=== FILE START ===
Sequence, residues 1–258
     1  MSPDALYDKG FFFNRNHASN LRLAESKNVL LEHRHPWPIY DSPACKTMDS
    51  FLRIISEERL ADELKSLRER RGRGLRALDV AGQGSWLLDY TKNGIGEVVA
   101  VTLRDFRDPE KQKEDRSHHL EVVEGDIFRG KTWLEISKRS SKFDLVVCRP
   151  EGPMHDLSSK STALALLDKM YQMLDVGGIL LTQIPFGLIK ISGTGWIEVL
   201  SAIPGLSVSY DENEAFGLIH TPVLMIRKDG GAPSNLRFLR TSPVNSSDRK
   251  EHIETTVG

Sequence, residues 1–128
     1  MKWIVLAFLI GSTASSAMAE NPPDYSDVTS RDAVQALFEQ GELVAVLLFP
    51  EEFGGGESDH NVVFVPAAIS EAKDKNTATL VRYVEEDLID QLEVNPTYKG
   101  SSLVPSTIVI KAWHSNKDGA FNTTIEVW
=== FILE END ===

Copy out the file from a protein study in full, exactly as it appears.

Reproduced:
Sequence, residues 1–258
     1  MSPDALYDKG FFFNRNHASN LRLAESKNVL LEHRHPWPIY DSPACKTMDS
    51  FLRIISEERL ADELKSLRER RGRGLRALDV AGQGSWLLDY TKNGIGEVVA
   101  VTLRDFRDPE KQKEDRSHHL EVVEGDIFRG KTWLEISKRS SKFDLVVCRP
   151  EGPMHDLSSK STALALLDKM YQMLDVGGIL LTQIPFGLIK ISGTGWIEVL
   201  SAIPGLSVSY DENEAFGLIH TPVLMIRKDG GAPSNLRFLR TSPVNSSDRK
   251  EHIETTVG

Sequence, residues 1–128
     1  MKWIVLAFLI GSTASSAMAE NPPDYSDVTS RDAVQALFEQ GELVAVLLFP
    51  EEFGGGESDH NVVFVPAAIS EAKDKNTATL VRYVEEDLID QLEVNPTYKG
   101  SSLVPSTIVI KAWHSNKDGA FNTTIEVW